The famous Christmas Market in Strasbourg, France, became the latest place to be struck by terrorists.
On Dec. 12, 2018, a gunman on a terror watch list named Cherif Chekatt yelled “Allahu Akbar” and opened fire on shoppers, killing five people and wounding 11, according to media reports. The attack was labeled terrorism by a Paris prosecutor.
The shooting grabbed headlines around the world. But do such terror attacks actually work?
I am a scholar of international relations. My students and I conducted an analysis of political groups around the world to answer this question.
Comparing terror groups with peaceful ones
We examined 90 political groups to determine whether terrorism works to achieve a group’s goals.
Half of the groups we studied used terrorism to achieve their ends, and the other half used peaceful means.
One example of a peaceful group was the Catalan movement in Spain that held a peaceful vote to support their declaration of independence.
We made sure the groups we designated as using terrorism fit the definition set out by expert Bruce Hoffman, who defines terrorism as “the deliberate creation and exploitation of fear through violence or the threat of violence in the pursuit of political change.”
To choose the 90 groups, we identified 45 pairs of groups operating in the same country or region in relatively the same time period.
For example, in Chile during the rule of autocratic dictator Augusto Pinochet from 1973 to 1990, people organized to end his rule.
One group, Chile’s Concertación, sought to bring Pinochet down using a referendum. Meanwhile, the Manuel Rodriguez Patriotic Front opposed Pinochet with shootings, bombings, kidnappings and assassinations.
We found that only six of the 45 terror groups — that’s 13.3 percent — accomplished their broader goals; the others did not.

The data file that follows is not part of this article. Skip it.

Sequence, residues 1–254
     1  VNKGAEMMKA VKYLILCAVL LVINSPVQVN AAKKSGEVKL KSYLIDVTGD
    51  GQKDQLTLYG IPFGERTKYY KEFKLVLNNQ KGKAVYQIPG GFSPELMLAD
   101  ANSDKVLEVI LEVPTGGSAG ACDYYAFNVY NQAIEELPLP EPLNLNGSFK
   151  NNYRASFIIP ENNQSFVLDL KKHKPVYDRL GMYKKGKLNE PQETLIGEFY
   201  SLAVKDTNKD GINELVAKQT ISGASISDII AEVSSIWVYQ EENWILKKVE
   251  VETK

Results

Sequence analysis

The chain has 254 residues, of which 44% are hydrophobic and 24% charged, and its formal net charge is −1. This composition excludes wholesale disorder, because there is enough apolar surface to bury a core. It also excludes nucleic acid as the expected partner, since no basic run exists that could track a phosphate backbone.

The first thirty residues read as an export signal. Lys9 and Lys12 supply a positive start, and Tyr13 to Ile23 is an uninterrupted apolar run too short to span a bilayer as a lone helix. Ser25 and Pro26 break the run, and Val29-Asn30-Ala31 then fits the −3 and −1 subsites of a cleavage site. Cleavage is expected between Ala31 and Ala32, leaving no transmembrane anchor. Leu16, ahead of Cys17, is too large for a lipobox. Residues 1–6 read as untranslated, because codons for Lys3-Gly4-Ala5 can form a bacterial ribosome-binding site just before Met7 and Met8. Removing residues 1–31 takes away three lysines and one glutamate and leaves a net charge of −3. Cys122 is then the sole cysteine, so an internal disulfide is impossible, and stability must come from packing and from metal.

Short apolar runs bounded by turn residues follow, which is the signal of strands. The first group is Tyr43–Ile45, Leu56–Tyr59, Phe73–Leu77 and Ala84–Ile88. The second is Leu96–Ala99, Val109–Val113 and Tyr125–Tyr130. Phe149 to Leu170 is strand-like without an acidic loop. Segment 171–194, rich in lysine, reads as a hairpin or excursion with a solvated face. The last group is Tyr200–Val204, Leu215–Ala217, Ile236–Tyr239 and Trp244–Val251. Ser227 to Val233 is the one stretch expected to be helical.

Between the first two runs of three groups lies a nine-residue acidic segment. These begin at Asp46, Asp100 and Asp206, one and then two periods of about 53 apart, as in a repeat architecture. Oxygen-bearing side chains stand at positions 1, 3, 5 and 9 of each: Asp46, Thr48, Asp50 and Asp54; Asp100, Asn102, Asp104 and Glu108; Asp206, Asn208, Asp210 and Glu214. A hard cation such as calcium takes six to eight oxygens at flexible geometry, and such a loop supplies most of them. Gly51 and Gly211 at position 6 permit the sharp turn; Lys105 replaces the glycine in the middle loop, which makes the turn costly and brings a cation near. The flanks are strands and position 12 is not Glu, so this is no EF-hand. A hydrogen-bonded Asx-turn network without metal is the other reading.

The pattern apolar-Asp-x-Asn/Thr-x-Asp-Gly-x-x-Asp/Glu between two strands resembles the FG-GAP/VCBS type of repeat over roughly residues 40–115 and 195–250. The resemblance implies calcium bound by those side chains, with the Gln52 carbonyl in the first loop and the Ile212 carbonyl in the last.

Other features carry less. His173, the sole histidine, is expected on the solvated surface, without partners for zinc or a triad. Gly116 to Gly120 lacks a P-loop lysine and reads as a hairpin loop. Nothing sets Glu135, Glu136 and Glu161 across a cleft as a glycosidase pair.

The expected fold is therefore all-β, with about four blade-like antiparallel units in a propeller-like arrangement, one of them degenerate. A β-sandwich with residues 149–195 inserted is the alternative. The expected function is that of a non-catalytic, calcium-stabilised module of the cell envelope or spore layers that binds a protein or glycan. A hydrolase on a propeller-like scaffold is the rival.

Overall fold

Meanwhile, among the 45 groups that chose not to use terrorism, 26 — or 57.8 percent — achieved their objectives, while 19 did not.
Short-term success, long-term failure
Many people see the few examples of when terrorism “works” as evidence that it is an effective long-term strategy.
For example, Hezbollah is a Lebanese terror group that, among other goals, opposed Israeli occupation of Southern Lebanon from 1982 to 2000 with kidnappings, bombings and assassinations. The group claimed success in 2000, when Israel decided to end their long and expensive occupation of Southern Lebanon. However, the “victory” deserves greater scrutiny.
There is evidence that Israel’s withdrawal was more a result of domestic Israeli politics than anything Hezbollah did. Moreover, the region Hezbollah “controls” in Lebanon is the poorest, most economically backward and politically repressive place in the country, according to a report from The Atlantic magazine. It’s ruled more by fear of the terrorists than any sort of competence such leaders demonstrate to justify their legitimacy. Many Lebanese see Hezbollah as needlessly provoking Israel into attacks on their border.
It’s hard to call this a clear victory for terrorism. Terrorists may be adept at setting off a bomb or designing a suicide vest laden with explosives.
As political scientist Robert Pape points out in his book “Dying to Win: The Strategic Logic of Suicide Terrorism,” they might even occasionally achieve a limited goal, as Hamas was able to undermine the fragile Israeli governing coalition in the next election, with a campaign of suicide bombings.
But when it comes to accomplishing broader strategic goals, such as destroying the entire Israeli state or forcing a complete Jewish evacuation of the West Bank, terrorists usually fail.
Terrorists can threaten modern nation-states into offering minor concessions, such as giving up a small piece of territory, forcing the resignation of a leader or promising to return to the negotiating table, Pape writes.
But nation-states are too militarily and economically strong to be overthrown by terrorists, or to surrender their own aims that they see as vital to national security, according to Pape.
Additionally, terrorists — if they participate in the democratic process — may well be shunned by voters when the fighting stops. Or, instead of achieving those lofty aims, they may achieve a hollow political victory at best, ending up with power over a failed state that could dissolve into anarchy.
This example ignores that the fact that it took decades for these leaders to eventually come to power, as Israeli voters repeatedly rejected them at the ballot box, in favor of more moderate candidates. For example, Begin lost eight elections before he finally won his first. Only when these former terrorists moderated their positions did they become acceptable to the public.